These obstacles have necessitated the construction of numerous man-made bridges that traverse Edinburgh’s unique topography and stitch the Scottish capital together. From the creation of the first crossings over the meandering Water of Leith to the construction of the original North Bridge in the 1770s, we take a look at more than a dozen bridges to be found within a mile’s radius of Edinburgh Castle.
The original North Bridge was constructed between 1763 and 1772 in order to connect the Old Town of Edinburgh to the New Town which was being built to the North. This first stone bridge was replaced by the current structure in 1897.
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One of Edinburgh's newer bridges, this footbridge was constructed in the late 1990s to help bridge the gap over the West Approach Road and connect Edinburgh's growing financial district.
Built in 1906, the Leamington Lift Bridge spans the Union Canal at Fountainbridge. It was originally located over Fountainbridge itself at the present day Lochrin Basin.
The current Waverley Bridge was built between 1894 and 1896 and forms part of the roof of the present railway station.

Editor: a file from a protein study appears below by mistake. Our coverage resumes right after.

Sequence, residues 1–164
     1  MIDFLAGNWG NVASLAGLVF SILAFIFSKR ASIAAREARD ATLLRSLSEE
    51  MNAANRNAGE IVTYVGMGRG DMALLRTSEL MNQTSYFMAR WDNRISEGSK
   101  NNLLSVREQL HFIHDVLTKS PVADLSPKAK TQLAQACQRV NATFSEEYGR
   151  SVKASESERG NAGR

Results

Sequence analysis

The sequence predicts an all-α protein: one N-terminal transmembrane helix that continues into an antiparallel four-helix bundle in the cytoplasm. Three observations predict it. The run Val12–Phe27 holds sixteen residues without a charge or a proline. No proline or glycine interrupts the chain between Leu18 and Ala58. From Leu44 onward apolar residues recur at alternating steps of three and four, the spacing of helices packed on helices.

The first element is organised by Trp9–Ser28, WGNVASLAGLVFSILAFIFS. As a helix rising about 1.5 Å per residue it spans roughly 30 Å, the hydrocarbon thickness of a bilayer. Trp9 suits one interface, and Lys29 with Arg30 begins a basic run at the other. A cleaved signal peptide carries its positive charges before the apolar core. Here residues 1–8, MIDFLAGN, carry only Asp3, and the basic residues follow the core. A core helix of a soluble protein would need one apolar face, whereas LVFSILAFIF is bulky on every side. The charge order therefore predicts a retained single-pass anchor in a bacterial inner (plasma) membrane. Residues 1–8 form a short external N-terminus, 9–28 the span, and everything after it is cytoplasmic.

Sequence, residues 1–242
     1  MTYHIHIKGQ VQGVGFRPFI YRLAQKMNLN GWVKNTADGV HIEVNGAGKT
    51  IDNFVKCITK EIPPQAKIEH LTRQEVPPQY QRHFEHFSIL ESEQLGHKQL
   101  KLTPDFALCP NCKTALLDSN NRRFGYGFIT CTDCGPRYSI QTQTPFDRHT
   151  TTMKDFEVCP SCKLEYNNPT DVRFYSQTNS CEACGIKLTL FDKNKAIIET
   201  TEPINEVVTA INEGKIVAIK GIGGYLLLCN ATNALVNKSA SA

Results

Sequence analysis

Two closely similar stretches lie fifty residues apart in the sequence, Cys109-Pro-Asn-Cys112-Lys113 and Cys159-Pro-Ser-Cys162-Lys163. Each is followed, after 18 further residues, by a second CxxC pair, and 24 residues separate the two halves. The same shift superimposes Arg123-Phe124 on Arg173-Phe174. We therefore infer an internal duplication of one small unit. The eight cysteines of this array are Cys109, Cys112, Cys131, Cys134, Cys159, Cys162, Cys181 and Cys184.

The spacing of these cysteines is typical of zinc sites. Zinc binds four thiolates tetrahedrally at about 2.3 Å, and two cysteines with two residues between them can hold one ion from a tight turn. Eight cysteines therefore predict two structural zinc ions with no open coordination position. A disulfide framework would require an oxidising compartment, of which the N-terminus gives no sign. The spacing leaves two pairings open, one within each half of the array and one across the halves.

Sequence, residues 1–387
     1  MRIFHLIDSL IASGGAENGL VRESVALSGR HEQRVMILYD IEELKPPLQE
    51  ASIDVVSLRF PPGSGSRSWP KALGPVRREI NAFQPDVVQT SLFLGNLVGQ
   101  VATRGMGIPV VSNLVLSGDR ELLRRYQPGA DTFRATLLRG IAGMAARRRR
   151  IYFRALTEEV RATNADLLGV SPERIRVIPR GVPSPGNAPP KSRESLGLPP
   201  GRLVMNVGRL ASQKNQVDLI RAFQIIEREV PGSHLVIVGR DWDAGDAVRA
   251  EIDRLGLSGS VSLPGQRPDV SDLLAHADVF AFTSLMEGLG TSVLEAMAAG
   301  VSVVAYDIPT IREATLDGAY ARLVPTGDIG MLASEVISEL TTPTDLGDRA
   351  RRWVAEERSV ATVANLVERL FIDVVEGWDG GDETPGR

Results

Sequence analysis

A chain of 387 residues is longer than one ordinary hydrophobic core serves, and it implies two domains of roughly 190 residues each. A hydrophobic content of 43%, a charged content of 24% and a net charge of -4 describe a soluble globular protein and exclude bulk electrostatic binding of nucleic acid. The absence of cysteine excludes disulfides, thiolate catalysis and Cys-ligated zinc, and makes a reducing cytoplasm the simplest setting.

Situated in the heart of the picturesque Dean Village, Bell's Brae Bridge was built in the 18th century.
The current stone-built "Stock Bridge" crossing dates from 1801 and spans the Water of Leith.
The current three-arch Canonmills Bridge over the Water of Leith replaced a much older stone structure in 1840.
George IV Bridge spans the Cowgate and links the Old Town of Edinburgh to the south at Greyfriar's Kirkyard. It was built by esteemed architect Thomas Hamilton who famously designed the Old Royal High School on Regent Road.
Spanning King's Stable's Road and linking Johnston Terrace with Castle Street, the King's Bridge dates from 1833.
Dating from 1829, the impressive Dean Bridge spans a vast ravine between the New Town and the Dean Village. The beautiful Water of Leith flows underneath far below.
Constructed under the direction of Robert Stevenson, the elegantly-designed Regent Bridge links Princes Street to the east and was officially opened in 1819 during the visit of Prince Leopold of Saxe Coburg.
A trio of former railway bridges spans the West Approach Road. These originally conveyed traffic over the lines leading to Edinburgh's long since demolished Princes Street Station.
The railway bridge at New Street also covers part of Calton Road and carries rail traffic to and from Waverley Station.
Last but not least is South Bridge, which, dating from 1785, is one of the city's oldest surviving bridges. Only one of its seventeen arches - the Cowgate arch - is visible, with the rest obscured by centuries of development.